1. Perry, William MA, RN

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The Internet has brought the spirit of global communication and collaboration to nurses and other healthcare professionals in ways never before thought possible. These resources are offered to expand your opportunities for discussion, reference, education, and research.


While most people have used Google as a search engine, have you investigated any of the collaboration tools Google has created? Here is one to use now and two to watch for when they become readily available.


Google Docs ( is a suite of "office" tools consisting of a word processor, spreadsheet, and presentation application, all of which are compatible with Microsoft Office 2003 and, to a great extent, Office 2007 files. The files created by Google docs can be shared online with selected individuals as well as collaboratively edited online. Ten people can edit a word processing document at the same time, up to 50 people can edit a spreadsheet, and 10 can edit a presentation. Two hundred people can view the document, spreadsheet, or presentation simultaneously. When displaying a presentation file, you can also have a real-time chat window open to gather comments or questions from your viewers/collaborators.


By storing your documents in your personal space on the Google servers, you can make them available to anyone, anywhere, anytime. All they need is an Internet connection. It is an efficient tool for members of a class project, members of a working group writing policies or procedures, or simply yourself. You are free from the need to carry the files on a flash drive to share with those with a need to have access to the documents. It is important to note that even though they are stored in "the cloud," only you can authorize who can see and or edit the documents.


Google Voice ( is a tool that is just opening up to the public. You can request an invitation from the Web site. It is a service that gives you a phone number that can be used as a personal communication hub. Instead of your personal phone number, give your Google Voice number to students, colleagues, or contacts. You then control how the calls are managed: whether they are forwarded to your cell phone, home phone, or voicemail. Voicemails can be transcribed and sent to your e-mail. You can block callers and even route calls to specific numbers based on the caller's phone number. There are a detailed explanation and review of features at Here is a short list of features as listed in that posting:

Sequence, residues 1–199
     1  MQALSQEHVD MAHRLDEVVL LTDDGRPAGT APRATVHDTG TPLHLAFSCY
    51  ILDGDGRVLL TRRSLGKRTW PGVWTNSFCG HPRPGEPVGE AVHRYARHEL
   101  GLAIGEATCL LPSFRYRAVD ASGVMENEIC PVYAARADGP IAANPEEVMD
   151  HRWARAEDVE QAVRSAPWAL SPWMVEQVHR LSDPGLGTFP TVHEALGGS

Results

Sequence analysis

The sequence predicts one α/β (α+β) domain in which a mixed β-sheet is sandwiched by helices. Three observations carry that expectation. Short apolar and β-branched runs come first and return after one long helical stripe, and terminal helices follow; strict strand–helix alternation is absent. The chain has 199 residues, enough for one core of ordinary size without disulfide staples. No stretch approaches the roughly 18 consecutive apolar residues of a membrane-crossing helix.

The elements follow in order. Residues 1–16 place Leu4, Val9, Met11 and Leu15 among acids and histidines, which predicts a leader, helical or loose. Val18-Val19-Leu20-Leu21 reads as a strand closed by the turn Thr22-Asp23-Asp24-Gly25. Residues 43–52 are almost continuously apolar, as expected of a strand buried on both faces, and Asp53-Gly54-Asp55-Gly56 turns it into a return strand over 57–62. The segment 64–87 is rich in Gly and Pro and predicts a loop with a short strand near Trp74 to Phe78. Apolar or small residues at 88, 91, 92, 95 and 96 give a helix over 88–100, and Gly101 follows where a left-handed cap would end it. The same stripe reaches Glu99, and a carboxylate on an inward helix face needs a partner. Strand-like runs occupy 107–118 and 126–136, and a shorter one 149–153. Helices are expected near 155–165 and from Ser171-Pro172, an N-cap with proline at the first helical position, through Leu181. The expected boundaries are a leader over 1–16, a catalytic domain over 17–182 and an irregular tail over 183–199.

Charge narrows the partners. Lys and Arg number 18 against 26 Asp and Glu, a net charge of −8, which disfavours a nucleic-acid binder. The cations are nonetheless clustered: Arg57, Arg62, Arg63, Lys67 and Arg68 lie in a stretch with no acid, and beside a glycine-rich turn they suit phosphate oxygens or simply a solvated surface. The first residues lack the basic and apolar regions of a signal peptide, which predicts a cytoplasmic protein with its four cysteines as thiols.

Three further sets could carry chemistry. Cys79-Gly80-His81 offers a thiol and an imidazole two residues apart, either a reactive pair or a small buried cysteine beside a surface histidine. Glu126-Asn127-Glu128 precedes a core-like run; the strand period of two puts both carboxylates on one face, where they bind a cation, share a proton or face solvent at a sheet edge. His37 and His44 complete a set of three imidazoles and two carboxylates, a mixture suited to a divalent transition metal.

* Transcribed voicemails: Whenever somebody leaves a voicemail, GV will transcribe the message as best it can (this only works for English right now). These transcripts are then forwarded to your e-mail account and you can also opt to receive an SMS notification.


* Listening in to voicemails: Whenever you receive a call and decide to let it go to voicemail, you can also choose to listen in and even pick up the call if it turns out to be an important message. This feels just like the old days when answering machines with tapes were still a novelty.


* Call screening: One neat option in GV is the ability to screen calls. If you activate this feature, callers will be prompted to leave their name once they call, and once you pick up the phone, GV will play the name back and you can choose if you want the call to go to voicemail or if you want to actually speak to this person. You can opt to let all unknown callers who are not in your Google address book go through this procedure or just those calls from callers who have blocked their caller ID.


* Recording calls: At any time during a call, you can press 4 and the call will be recorded. This works only for calls you receive on your phone for now and does not work for outgoing calls.


* Conference calls: Just ask participants to call your GV number, and once more callers call in, you can just conference them in-this works for up to four callers.


* Switching phones: If you want to switch phones during a call (say you took a call on your home phone and decide you want to take a walk and continue the call on your cell), just press * and all the other phones will ring.


* SMS: You can send and receive text messages from your GV account.



Newly on the scene is Google Wave. The Google Wave site ( describes it as: "Google Wave is an online tool for real-time communication and collaboration. A wave can be both a conversation and a document where people can discuss and work together using richly formatted text, photos, videos, maps, and more." While the application is available only by invitation right now, you can read about it on the Google Wave site. You can watch a 2-minute preview at to have a thumbnail sketch of its capabilities.


All these tools (which are free, by the way) begin with a Google mail, or Gmail account. Don't have one? You can create an account at


William Perry, MA, RN